My first taste of Battambang

    It happens on Broadway Street, Oakland. Dishes with names so hard to pronounce, ingredients and tastes so similar to Vietnamese food. I learn of the second largest city of Cambodia, smaller only than Phnom Penh. I share my first simple Cambodian dinner, complete with a salad, a meat, and a dessert.

    Here’s a little language snippet: to Vietnamese people, salad is called “gỏi” |ghoy| in the South and “nộm” |nom| in the North. To my surprise, “nhorm” is its romanized name in Cambodia. Listening to the other customers at Battambang, Mudpie comments that Khmer and Vietnamese sound similar, to which I first protest, but perhaps it holds a grain of truth after all.

    Here we have nhorm lahong. If there’s any salad that never goes wrong, it must be this green papaya salad of Southeast Asia. Delicate, raw, and soaking fruit shreds retain nothing but a tightening chew, the sweet lime dressing sends a quiet smell of fish extract. Battambang’s batch is a drop more watery than Dara’s som tum/tam mak hoong, on the plus side there’s plenty of sauce to make rice go quickly down the pipe.

    To make rice go even quicker comes sach chrouk aing. I don’t think I’ll be able to handle a full Khmer sentence of words like these, but now that I’ve known pork is sach chrouk and grilled is aing, I can survive in Cambodia ;-). Long version: sliced pork marinated with lemongrass, charbroiled, served with sweet lime nuoc mam and boiled cabbage on the side. Short version: godly.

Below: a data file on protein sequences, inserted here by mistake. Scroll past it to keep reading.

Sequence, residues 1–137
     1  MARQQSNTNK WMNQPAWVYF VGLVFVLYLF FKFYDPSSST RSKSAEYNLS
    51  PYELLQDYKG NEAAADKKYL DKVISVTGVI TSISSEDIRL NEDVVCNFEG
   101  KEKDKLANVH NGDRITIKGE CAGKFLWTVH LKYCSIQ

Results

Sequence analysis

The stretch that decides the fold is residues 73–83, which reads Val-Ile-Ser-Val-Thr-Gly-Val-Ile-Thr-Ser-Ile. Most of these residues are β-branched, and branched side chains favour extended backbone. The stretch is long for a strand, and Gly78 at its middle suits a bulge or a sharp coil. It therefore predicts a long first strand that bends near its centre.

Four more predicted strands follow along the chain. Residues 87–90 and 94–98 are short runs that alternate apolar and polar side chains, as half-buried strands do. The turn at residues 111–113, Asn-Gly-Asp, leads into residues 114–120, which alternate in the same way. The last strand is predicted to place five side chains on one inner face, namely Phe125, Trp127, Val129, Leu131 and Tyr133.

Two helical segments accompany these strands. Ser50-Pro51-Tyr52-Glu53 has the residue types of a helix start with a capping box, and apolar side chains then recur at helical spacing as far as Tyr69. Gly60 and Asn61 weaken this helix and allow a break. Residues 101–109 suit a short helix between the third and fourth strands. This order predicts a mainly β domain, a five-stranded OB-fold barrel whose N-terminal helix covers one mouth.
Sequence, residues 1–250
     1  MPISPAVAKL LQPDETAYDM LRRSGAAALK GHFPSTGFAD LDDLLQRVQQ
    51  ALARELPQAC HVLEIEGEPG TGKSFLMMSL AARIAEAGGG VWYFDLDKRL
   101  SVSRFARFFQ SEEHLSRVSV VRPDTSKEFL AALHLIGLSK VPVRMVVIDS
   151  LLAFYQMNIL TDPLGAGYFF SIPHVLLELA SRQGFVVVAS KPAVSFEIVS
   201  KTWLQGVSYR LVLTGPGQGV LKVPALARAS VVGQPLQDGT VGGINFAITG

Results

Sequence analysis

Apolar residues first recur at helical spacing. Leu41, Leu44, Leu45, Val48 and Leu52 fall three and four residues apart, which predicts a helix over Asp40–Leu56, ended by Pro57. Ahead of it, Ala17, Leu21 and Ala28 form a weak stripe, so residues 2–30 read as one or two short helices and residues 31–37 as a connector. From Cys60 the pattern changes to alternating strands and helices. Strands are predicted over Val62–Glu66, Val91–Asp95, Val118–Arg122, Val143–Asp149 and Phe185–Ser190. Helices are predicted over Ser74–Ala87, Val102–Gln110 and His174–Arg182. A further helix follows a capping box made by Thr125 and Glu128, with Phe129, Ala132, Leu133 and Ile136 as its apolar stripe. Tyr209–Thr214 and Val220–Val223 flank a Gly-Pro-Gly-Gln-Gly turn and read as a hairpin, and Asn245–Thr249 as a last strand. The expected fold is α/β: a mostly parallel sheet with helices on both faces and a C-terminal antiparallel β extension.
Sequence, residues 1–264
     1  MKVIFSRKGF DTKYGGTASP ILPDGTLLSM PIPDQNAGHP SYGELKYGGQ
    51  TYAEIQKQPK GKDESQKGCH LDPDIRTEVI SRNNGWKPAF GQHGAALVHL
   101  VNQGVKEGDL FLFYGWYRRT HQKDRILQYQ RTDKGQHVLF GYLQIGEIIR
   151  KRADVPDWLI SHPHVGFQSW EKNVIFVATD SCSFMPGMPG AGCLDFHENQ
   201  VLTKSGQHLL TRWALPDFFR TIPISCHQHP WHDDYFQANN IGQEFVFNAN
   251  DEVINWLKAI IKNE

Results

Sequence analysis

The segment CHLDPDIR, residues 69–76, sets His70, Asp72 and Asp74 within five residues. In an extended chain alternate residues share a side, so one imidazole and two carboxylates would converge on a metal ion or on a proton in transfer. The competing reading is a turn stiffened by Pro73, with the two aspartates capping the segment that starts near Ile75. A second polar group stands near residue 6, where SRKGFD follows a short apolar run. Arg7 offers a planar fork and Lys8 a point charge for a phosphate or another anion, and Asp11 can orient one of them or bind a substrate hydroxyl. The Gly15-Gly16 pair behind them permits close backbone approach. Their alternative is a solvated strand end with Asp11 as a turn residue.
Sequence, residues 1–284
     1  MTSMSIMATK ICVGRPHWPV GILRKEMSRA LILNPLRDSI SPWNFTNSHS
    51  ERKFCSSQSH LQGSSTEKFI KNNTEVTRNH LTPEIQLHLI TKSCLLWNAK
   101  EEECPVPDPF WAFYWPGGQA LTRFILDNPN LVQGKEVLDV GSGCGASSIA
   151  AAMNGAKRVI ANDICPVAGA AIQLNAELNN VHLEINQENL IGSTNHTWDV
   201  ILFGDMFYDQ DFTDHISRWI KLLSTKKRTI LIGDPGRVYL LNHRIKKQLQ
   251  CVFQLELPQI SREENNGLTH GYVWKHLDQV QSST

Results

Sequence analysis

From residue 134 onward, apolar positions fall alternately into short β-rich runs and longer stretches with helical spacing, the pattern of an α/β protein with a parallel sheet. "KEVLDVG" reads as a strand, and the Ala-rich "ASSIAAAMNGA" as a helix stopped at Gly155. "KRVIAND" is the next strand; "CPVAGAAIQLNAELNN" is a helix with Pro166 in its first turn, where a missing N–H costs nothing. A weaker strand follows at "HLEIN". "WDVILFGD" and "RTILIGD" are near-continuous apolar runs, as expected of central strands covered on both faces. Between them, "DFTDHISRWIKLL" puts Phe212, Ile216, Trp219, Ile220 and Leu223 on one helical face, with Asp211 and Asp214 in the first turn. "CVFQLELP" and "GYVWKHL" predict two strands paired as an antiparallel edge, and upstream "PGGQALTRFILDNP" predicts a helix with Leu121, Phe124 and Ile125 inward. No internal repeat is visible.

Like at most family operated Asian restaurants, the check will be brought out before you can order dessert, but we don’t let that stop us from ending our dinner on a sweet note. The dessert menu stands next to the salt, pepper, sweeteners, and a slender vase of real orchids.

    I ask our hostess to recommend either amuk knor or chake ktiss, and with no delay she says “Amuk knor for sure”. I then ask if it’s whole jackfruit or just some kind of paste or flavoring, and I must sound pretty stupid, the whole jackfruit is huge, at least as big as a 30lb turkey, but she (and you?) knows what I mean. Amuk knor is a kind of coconut milk custard with jackfruit slices, all steamed in a banana leaf cup. It breathes tropical and countryside, warm and mild. We scrape every corner of the leaf.

    (I can only guess that chake ktiss is similar to chè chuối chưng).

    Address: Battambang Restaurant
    850 Broadway Street,
    Oakland, CA 94501
    (510) 839-8815

    Battambang’s menu online
    Money matter: $24.70 a dinner for two.

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    2 comments to My first taste of Battambang

    • I think nem (the sour meat, not the northern eggroll) is a Khmer word, too.

      But yeah, even though Khmer isn’t a tonal language, its phonemes and lilt sounds so much like Southern Vietnamese that I keep getting startled by passing conversations when I was in Cambodia.

    • Mai

      That’s interesting. I wonder how much of it is originally Vietnamese and adopted into Khmer, and vice versa.

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